Radiologists learn to read 3D mammography more accurately than they read standard 2D mammograms, regardless of breast density, a first-of-its-kind study by a University of California (UC) Davis researcher has found.
Published in Radiology, the study led by Diana Miglioretti, PhD, found that radiologists who interpret traditional mammograms, which are two-dimensional, required little start up time for transitioning to reading digital breast tomosynthesis (DBT), or 3D mammography, with improved screening accuracy. Specifically, researchers found radiologists recalled patients for additional testing at a lower rate on DBT than they did on 2D mammography, without sacrificing cancer detection.
“We found that patients with or without dense breasts benefit from lower recall rates with 3D mammography and there is no trade off with cancer detection,” says Miglioretti, dean’s professor of biostatistics in the UC Davis Department of Public Health Sciences. “In fact, we were surprised to find that improvements in recall rates were larger in women without dense breasts.”
The study included data from 104 radiologists from 53 facilities in five U.S. states, collected by the Breast Cancer Surveillance Consortium (BCSC) to evaluate whether radiologists experience a learning curve for 3D mammography interpretive performance. The study is the largest of its kind and represented a broad range of radiology centers and providers. It is novel because it tracked radiologists’ performance over time as they transitioned from digital mammography to DBT.
DBT takes multiple X-ray images of each breast from many angles which are then computer assembled into a three-dimensional image of the breast that the radiologist can scroll through. The U.S. FD requires only eight hours of additional training for qualified radiologists to be able to interpret DBT studies. Researchers wondered if there was a learning curve associated with the interpretive performance of this new technology and if any improvements are sustained by radiologists over time.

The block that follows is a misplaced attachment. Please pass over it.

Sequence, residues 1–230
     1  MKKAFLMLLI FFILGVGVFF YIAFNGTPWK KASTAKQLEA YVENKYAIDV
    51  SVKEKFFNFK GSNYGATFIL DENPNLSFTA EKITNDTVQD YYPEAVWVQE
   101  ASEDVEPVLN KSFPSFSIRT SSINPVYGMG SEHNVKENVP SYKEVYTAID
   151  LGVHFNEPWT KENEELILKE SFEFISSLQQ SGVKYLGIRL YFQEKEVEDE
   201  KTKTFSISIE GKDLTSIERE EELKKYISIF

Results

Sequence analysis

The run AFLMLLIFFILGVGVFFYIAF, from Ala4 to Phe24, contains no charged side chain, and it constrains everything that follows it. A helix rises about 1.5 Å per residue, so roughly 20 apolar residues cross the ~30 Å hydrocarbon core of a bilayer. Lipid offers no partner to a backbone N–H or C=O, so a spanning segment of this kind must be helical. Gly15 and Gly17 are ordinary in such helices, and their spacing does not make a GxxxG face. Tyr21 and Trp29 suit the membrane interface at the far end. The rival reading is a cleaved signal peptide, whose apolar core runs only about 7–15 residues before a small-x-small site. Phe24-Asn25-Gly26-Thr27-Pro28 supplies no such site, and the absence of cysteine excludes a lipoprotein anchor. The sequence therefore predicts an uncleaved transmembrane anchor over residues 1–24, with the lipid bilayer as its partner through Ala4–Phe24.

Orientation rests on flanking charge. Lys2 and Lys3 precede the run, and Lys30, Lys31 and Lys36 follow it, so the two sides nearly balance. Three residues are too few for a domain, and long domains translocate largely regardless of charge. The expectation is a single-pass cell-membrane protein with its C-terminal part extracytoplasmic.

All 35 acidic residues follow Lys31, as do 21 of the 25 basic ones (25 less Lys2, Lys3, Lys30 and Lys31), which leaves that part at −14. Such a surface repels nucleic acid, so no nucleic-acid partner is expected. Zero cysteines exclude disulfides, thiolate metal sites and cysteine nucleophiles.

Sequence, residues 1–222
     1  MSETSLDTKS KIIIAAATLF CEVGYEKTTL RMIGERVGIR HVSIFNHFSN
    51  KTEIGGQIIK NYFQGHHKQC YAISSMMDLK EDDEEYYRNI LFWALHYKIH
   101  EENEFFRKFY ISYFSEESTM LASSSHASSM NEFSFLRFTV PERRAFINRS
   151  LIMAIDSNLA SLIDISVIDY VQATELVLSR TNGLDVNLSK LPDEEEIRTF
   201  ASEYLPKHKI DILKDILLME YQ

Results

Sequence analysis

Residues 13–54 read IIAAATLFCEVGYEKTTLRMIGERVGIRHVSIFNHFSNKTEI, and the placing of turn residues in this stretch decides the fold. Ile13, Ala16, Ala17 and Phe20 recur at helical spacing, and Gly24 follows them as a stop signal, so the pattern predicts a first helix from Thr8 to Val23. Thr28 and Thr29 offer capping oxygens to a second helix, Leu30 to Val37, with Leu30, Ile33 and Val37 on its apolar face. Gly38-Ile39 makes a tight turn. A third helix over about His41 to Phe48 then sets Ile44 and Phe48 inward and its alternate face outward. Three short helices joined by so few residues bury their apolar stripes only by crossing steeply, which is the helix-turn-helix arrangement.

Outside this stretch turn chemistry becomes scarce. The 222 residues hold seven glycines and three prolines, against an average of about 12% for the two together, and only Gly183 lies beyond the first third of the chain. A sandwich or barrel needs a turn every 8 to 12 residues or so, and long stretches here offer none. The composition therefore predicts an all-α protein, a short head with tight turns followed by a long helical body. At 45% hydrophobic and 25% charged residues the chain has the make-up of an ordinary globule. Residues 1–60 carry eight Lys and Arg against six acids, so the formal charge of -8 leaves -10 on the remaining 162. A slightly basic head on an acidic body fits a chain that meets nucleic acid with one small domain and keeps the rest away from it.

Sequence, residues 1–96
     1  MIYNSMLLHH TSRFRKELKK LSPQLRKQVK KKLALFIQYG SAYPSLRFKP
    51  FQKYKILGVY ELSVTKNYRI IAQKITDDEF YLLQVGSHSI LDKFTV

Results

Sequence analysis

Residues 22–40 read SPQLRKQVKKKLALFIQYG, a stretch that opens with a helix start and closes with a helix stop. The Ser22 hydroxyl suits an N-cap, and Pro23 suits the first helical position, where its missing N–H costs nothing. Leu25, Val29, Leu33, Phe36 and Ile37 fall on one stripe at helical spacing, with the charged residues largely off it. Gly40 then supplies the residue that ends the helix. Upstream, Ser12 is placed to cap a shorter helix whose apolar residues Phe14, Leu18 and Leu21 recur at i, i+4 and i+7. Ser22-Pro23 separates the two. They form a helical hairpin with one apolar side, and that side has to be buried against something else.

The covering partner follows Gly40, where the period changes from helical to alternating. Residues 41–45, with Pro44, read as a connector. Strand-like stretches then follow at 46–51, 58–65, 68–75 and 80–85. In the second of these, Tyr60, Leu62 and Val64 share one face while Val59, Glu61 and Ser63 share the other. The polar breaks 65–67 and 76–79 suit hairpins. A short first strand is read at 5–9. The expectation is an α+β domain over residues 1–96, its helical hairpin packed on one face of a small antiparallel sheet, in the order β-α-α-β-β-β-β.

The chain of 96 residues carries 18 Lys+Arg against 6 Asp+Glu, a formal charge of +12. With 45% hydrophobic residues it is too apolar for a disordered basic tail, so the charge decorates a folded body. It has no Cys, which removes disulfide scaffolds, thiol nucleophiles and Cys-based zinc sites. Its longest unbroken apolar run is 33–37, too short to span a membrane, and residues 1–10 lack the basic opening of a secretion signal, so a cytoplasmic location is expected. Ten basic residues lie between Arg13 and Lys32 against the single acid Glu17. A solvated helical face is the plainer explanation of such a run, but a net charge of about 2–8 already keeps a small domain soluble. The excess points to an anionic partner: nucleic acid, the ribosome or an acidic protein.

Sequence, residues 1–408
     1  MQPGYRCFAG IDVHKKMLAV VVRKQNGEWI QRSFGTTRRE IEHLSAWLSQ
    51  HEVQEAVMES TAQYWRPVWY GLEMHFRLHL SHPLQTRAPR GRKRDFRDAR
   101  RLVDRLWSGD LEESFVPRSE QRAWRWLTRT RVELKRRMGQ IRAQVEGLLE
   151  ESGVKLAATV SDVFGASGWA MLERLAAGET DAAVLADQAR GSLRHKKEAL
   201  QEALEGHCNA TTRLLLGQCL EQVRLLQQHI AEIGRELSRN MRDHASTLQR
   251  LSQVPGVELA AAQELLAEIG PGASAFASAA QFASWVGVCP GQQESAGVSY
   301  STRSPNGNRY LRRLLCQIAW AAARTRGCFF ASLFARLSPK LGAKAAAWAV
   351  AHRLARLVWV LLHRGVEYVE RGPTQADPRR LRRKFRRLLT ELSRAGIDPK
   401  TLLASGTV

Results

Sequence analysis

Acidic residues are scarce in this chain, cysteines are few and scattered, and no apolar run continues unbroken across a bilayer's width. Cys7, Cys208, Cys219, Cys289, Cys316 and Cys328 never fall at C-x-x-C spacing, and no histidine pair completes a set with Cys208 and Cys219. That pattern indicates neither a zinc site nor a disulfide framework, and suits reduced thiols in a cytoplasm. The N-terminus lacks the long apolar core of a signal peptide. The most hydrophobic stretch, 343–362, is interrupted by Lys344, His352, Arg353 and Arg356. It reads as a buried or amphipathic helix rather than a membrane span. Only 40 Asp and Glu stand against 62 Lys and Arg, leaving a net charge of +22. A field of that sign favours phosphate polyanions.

“We found both breast imaging subspecialists and general radiologists improved their screening performance when they switched from 2D to 3D mammography,” says Miglioretti. “These improvements were sustained for at least two years after adoption of the new technology.”
Most women in the U.S. do not have their mammograms interpreted by a breast imaging subspecialist, nor do they have access to academic medical centers. The study evaluated radiologists with a mix of experience at both academic and nonacademic facilities. Both breast imaging subspecialists and general radiologists improved their interpretive performance quickly after adopting DBT, with lower recall rates and similar cancer detection rates as for digital mammography.
“Women who want to reduce their chances of being recalled for additional testing may want to ask for digital breast tomosynthesis at their next screening exam,” says Miglioretti.